Cognitive Control

Figure from Hernandez, A. E. (2013). The bilingual brain. Oxford University Press.

Our lab investigate the nature of language and cognitive control in bilinguals. Initial studies looked at the involvement of the prefrontal cortex in language switching and language blocked trials. In those studies, an increase in brain activity was found within the dorsolateral prefrontal cortex when participants had to switch between languages relative to when they had to name pictures in a single language. More recent work has sought to look at how cognitive control is differentially allocated by bilinguals and monolinguals. This work has also considered the potential role of genetics on cognitive control differences observed between monolinguals and bilinguals.

  • Hernandez, A. E., Dapretto, M., Mazziotta, J., & Bookheimer, S. (2001). Language switching and language representation in Spanish–English bilinguals: An fMRI study. NeuroImage, 14(2), 510-520.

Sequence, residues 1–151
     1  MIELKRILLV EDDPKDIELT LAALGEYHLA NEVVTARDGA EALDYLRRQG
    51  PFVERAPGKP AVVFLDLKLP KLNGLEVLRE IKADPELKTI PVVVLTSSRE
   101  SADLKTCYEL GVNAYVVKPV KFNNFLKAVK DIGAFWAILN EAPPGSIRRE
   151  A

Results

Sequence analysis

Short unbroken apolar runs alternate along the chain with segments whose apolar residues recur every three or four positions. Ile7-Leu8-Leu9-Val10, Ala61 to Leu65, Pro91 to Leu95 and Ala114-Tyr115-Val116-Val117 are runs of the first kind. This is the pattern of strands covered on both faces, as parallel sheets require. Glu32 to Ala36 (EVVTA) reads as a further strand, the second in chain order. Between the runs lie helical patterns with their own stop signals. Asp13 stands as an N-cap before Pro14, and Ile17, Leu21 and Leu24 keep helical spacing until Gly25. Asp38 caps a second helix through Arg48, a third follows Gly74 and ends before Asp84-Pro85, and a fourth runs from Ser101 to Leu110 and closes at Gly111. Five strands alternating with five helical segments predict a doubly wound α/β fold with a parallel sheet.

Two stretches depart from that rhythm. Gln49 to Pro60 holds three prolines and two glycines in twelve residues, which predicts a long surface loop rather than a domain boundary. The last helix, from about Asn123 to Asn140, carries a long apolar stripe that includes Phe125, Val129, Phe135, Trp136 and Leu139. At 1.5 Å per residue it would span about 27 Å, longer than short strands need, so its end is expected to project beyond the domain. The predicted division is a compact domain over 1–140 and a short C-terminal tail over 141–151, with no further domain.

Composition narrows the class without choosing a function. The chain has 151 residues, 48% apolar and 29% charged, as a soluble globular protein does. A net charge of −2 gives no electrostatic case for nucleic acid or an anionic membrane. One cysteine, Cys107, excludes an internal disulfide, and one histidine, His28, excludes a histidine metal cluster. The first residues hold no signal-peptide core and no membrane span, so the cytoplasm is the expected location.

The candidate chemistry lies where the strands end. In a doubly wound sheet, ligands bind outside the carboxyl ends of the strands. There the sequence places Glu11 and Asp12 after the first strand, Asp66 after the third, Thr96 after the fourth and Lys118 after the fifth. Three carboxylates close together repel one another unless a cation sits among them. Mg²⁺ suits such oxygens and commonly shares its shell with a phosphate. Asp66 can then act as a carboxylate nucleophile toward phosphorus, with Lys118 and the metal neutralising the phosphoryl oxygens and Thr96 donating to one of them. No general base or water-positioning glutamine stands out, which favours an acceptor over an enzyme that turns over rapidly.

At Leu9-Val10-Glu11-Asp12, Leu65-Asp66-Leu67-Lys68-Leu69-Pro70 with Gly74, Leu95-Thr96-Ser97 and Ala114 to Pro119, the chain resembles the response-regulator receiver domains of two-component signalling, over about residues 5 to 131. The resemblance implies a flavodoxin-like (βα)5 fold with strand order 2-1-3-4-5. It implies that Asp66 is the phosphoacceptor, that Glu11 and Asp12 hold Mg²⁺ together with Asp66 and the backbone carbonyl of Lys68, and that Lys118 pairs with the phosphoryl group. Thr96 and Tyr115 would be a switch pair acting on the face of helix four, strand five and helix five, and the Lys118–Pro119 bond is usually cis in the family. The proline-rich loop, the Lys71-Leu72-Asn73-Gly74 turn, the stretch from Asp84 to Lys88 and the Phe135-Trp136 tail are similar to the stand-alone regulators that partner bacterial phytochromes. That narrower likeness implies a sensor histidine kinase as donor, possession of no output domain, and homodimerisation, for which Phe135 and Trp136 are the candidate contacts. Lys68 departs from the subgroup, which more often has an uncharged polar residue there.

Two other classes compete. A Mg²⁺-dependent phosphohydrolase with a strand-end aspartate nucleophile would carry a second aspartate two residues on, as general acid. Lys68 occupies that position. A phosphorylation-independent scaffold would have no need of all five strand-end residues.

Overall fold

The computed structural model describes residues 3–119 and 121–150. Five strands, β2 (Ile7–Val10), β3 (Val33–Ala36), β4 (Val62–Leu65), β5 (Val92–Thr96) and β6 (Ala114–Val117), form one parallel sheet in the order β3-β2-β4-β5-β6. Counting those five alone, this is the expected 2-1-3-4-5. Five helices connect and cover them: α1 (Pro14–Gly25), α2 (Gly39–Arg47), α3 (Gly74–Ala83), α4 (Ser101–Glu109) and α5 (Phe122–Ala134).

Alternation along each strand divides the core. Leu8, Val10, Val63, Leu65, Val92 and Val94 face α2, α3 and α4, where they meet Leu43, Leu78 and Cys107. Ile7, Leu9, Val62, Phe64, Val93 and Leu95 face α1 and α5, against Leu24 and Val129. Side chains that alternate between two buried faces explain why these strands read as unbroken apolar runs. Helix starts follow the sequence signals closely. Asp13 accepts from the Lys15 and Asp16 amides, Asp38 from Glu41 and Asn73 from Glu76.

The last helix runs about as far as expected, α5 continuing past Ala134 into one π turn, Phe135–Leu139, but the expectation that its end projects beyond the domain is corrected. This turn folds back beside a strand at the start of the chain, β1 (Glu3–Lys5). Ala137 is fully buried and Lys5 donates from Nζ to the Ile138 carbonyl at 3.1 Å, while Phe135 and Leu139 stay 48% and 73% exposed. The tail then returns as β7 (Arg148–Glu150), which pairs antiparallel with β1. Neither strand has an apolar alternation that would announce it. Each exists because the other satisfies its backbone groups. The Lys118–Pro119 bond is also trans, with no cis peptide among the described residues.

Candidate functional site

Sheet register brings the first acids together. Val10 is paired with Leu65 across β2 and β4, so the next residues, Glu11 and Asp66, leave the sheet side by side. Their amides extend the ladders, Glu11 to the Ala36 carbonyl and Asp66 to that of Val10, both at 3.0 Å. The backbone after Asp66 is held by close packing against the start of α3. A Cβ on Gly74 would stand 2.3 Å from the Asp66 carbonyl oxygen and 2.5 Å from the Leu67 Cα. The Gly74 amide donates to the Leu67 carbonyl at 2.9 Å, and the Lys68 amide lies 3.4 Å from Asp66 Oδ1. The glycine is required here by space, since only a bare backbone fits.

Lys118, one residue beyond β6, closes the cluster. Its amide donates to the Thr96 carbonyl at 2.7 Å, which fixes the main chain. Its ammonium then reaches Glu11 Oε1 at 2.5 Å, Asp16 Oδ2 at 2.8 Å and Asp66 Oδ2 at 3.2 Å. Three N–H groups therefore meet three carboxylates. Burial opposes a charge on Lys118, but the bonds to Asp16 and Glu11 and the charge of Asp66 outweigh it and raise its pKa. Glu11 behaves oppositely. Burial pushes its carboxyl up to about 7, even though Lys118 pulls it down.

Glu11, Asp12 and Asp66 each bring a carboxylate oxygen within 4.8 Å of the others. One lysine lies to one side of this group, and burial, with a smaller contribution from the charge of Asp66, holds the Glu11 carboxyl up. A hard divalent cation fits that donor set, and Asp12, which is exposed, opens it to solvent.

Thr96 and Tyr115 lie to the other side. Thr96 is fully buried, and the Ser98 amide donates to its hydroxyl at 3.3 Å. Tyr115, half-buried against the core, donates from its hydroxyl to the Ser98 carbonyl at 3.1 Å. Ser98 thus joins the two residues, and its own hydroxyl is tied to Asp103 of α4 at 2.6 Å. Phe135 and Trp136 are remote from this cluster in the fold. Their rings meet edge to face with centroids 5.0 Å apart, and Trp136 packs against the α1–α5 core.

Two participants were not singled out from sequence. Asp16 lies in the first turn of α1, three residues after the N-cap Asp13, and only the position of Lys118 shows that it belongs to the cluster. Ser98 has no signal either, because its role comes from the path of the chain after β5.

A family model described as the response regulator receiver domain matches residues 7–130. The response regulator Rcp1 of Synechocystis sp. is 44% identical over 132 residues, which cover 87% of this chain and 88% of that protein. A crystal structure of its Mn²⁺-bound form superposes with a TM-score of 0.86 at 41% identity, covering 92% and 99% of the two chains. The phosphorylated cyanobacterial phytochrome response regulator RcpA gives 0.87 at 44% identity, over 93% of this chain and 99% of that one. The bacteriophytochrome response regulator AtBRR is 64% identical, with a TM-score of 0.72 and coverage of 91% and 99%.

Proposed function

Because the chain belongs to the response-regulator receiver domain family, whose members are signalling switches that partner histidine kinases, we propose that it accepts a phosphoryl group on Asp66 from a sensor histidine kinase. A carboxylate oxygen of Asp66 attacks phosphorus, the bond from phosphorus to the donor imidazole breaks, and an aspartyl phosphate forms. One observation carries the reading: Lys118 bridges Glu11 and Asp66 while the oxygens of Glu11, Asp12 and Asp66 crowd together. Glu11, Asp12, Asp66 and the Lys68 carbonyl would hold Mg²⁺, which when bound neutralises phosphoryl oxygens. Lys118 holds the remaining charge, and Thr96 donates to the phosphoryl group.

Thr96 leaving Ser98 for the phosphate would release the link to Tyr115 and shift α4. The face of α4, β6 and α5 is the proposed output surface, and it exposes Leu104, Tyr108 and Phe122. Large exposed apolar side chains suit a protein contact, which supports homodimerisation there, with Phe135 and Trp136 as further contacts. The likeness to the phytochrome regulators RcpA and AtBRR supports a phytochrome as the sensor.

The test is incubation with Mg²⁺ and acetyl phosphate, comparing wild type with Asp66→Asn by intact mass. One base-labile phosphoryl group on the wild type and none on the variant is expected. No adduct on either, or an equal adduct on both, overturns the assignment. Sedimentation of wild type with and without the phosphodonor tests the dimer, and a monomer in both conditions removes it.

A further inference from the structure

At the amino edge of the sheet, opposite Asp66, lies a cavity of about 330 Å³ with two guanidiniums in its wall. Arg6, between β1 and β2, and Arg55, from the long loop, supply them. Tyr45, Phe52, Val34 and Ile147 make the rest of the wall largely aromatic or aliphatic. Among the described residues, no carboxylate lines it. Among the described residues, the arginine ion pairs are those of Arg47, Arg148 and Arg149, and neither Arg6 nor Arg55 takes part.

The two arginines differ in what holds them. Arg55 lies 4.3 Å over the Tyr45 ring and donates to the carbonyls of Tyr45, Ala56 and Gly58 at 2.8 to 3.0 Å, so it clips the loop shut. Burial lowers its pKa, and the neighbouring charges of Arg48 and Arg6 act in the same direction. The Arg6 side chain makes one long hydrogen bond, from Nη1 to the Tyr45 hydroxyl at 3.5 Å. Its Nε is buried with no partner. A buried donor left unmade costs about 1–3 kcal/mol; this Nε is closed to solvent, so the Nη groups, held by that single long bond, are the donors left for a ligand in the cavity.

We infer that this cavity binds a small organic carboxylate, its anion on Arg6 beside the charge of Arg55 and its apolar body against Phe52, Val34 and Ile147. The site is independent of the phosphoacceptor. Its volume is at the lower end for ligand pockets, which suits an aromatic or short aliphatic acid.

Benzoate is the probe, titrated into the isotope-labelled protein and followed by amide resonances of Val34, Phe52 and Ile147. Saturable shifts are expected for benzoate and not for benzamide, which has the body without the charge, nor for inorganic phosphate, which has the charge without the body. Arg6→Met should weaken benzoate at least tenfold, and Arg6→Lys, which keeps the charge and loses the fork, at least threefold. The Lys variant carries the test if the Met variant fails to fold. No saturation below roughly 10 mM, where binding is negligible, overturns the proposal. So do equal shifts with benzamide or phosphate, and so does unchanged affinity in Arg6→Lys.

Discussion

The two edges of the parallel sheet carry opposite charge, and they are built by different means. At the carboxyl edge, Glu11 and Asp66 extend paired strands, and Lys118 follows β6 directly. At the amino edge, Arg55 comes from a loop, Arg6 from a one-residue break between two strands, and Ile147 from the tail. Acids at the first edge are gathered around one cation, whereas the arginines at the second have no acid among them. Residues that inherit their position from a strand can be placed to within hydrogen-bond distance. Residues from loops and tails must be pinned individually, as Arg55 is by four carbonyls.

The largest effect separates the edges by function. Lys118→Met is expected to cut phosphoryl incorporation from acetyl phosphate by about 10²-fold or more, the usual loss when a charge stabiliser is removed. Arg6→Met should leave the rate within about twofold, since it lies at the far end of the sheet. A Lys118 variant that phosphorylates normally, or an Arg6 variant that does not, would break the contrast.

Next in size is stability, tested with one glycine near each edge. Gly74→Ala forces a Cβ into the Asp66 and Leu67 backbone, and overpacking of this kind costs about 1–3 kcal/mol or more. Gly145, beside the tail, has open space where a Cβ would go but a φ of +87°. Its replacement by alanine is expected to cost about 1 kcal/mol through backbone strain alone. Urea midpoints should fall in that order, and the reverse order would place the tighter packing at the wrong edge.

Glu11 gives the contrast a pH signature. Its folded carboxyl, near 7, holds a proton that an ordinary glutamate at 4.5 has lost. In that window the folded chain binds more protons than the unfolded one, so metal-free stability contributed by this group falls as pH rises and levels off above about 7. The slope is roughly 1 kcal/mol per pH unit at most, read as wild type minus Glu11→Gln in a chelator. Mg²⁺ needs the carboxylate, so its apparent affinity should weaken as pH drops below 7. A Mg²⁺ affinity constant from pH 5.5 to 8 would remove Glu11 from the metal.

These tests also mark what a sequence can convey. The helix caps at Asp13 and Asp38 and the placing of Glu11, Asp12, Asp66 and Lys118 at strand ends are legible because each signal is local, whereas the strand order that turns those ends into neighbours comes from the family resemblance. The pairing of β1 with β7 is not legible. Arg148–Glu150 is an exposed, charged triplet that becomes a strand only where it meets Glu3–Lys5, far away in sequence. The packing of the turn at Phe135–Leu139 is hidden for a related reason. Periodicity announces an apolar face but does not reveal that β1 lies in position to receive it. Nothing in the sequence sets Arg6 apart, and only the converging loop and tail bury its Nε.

• Hernandez, A. E., Martinez, A., & Kohnert, K. (2000). In search of the language switch: An fMRI study of picture naming in Spanish–English bilinguals. Brain and Language, 73(3), 421-431.
  • Bradley, K. A., King, K. E., & Hernandez, A. E. (2013). Language experience differentiates prefrontal and subcortical activation of the cognitive control network in novel word learning. NeuroImage, 67, 101-110.
  • Hernandez, A. E., Greene, M. R., Vaughn, K. A., Francis, D. J., & Grigorenko, E. L. (2015). Beyond the bilingual advantage: The potential role of genes and environment on the development of cognitive control. Journal of Neurolinguistics, 35, 109-119.

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